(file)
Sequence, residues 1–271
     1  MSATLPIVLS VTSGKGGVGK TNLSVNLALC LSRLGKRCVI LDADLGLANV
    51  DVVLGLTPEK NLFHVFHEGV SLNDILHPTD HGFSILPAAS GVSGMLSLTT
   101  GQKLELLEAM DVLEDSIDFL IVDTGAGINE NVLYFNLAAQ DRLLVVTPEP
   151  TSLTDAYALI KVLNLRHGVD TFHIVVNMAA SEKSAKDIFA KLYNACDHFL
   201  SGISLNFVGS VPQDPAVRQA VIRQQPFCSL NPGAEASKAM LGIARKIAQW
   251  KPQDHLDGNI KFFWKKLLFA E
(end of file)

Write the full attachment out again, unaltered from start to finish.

Sequence, residues 1–271
     1  MSATLPIVLS VTSGKGGVGK TNLSVNLALC LSRLGKRCVI LDADLGLANV
    51  DVVLGLTPEK NLFHVFHEGV SLNDILHPTD HGFSILPAAS GVSGMLSLTT
   101  GQKLELLEAM DVLEDSIDFL IVDTGAGINE NVLYFNLAAQ DRLLVVTPEP
   151  TSLTDAYALI KVLNLRHGVD TFHIVVNMAA SEKSAKDIFA KLYNACDHFL
   201  SGISLNFVGS VPQDPAVRQA VIRQQPFCSL NPGAEASKAM LGIARKIAQW
   251  KPQDHLDGNI KFFWKKLLFA E